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Adams, Comfort Avery (01 November 1868–21 February 1958), engineering professor and consulting engineer, was born in Cleveland, Ohio, the son of Comfort Avery Adams and Katherine Emily Peticolas. Although the family experienced stringent financial circumstances during Adams’s youth, he entered Case Institute of Applied Science (now part of Case Western Reserve University) after attending public schools in Cleveland. At Case he was laboratory assistant to a young physicist, ...

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Alexanderson, Ernst Fredrik Werner (25 January 1878–14 May 1975), engineer and radio and television pioneer, was born in Uppsala, Sweden, the son of Aron Martin Alexanderson, a professor, and Amelie von Heidenstam. From an early age Alexanderson showed interest in things scientific, and so he was sent to the Royal Institute of Technology at Stockholm, where he studied engineering, graduating in 1900. The Royal Institute had no specific program in electrical engineering, which was Alexanderson’s major interest, and so he spent the following year at the Königliche Technische Hochschule in Charlottenburg, Germany, then one of the best engineering schools of Europe. Here for the first time Alexanderson became acquainted with contemporary work in electromagnetics and wireless communication....

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Armstrong, Edwin Howard (18 December 1890–31 January 1954), electrical engineer and inventor, was born in New York City, the son of John Armstrong, a publisher, and Emily Smith, a teacher. Armstrong attended public schools in New York City and in Yonkers, New York, where the family moved in 1900. Fascinated by machinery, he enjoyed repairing broken toys for friends and later learned to repair automobiles. In his teens he was impressed by ...

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Berkner, Lloyd Viel (01 February 1905–04 June 1967), engineer, was born in Milwaukee, Wisconsin, the son of Henry Frank Berkner and Alma Julia Viel. Berkner and his two brothers were raised in the small towns of Perth, North Dakota, and Sleepy Eye, Minnesota. Berkner enrolled in a radio operator’s school and served aboard ship for one year after completing his high school studies. He then entered the University of Minnesota as an electrical engineering student, receiving a B.S. in 1927 as well as a commission as an aviator in the U.S. Naval Reserve. He later took some graduate courses in physics at Minnesota and at George Washington University but earned no graduate degree. In 1928 he married Lillian Frances Fulks; they had two children....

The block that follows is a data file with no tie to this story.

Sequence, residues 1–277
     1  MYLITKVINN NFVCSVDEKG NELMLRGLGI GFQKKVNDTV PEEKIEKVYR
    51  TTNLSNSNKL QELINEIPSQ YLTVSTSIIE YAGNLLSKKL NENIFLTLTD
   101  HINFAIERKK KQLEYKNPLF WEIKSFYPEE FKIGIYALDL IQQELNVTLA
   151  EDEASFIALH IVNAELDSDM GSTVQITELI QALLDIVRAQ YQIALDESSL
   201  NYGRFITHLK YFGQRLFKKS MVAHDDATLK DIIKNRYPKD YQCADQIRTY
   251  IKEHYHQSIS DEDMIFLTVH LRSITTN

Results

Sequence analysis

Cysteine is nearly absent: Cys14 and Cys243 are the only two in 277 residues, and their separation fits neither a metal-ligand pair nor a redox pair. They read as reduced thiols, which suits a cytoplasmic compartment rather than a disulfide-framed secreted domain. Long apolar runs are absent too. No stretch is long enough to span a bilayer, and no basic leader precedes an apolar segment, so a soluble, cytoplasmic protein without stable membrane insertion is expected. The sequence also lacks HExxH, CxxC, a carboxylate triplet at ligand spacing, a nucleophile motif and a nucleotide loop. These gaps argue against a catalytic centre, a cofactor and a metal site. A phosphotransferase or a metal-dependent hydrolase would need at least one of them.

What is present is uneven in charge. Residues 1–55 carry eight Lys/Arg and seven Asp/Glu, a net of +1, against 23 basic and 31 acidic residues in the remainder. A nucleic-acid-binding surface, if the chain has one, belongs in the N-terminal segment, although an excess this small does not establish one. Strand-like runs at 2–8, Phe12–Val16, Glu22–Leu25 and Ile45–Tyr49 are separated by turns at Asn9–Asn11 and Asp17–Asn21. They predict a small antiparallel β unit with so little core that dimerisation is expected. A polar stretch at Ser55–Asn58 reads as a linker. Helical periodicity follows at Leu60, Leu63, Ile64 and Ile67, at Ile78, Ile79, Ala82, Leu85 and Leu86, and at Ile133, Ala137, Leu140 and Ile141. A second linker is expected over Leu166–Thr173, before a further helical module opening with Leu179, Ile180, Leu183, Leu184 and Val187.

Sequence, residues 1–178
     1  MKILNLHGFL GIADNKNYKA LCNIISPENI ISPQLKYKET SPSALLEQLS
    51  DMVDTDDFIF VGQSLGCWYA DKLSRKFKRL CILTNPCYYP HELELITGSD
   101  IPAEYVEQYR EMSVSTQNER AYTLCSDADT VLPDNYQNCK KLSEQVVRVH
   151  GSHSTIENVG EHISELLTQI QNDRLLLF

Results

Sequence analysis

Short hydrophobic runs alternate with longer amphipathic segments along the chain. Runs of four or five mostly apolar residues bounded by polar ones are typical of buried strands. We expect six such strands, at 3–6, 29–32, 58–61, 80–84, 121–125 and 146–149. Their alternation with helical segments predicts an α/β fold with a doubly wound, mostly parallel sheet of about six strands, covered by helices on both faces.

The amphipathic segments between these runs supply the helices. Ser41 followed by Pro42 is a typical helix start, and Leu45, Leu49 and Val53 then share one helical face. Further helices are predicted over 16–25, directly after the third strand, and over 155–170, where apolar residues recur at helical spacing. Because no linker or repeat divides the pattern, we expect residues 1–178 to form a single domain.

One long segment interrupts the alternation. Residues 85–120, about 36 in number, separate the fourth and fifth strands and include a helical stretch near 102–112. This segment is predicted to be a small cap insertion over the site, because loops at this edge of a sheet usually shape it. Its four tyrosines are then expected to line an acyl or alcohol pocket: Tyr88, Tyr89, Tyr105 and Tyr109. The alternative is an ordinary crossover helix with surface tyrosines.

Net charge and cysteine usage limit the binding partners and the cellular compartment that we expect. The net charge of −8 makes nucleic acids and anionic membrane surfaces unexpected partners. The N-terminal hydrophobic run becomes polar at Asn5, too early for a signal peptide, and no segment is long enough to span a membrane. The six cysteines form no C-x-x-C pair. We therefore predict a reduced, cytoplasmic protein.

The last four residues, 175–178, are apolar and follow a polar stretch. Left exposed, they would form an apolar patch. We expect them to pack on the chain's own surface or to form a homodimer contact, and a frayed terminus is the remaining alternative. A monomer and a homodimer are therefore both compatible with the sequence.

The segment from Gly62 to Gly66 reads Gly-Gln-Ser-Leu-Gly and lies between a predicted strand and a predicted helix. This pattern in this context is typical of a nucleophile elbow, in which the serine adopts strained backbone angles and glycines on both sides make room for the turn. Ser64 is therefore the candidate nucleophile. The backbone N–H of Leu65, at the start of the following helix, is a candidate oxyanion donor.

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Bush, Vannevar (11 March 1890–28 June 1974), science administrator and engineer, was born in Everett, Massachusetts, the son of Richard Perry Bush, a Universalist minister, and Emma Linwood Paine. Bush grew up in modest circumstances in Chelsea, Massachusetts, and attended Tufts University, graduating in 1913 with a B.S. and an M.S. At Tufts he first encountered electrical engineering and an ideology of engineering; he also developed there his lifelong interests in invention and the patent system. With the idea of improving his career prospects, Bush first enrolled in 1915 in the graduate program in mathematical physics at Clark University but left shortly afterward. He then enrolled in a graduate doctoral engineering program jointly offered by MIT and Harvard and received a doctorate of engineering after one year of heroic efforts with a thesis on the oscillatory behavior of currents in power lines. The joint degree was rare; the doctorate was only the fifth awarded by MIT. Bush, who was a mathematics instructor at Tufts in 1914–1915, rejoined the Tufts faculty in the fall of 1916 as an assistant professor of electrical engineering. At this time, he became a technical consultant to the Morgan-financed American Research and Development Corporation (AMRAD), which was seeking promising radio inventions. During World War I he invented an electromagnetic device for determining the location of submarines; frustrating experiences with the navy influenced his later views. In 1916 he married Phoebe Davis; they had two sons....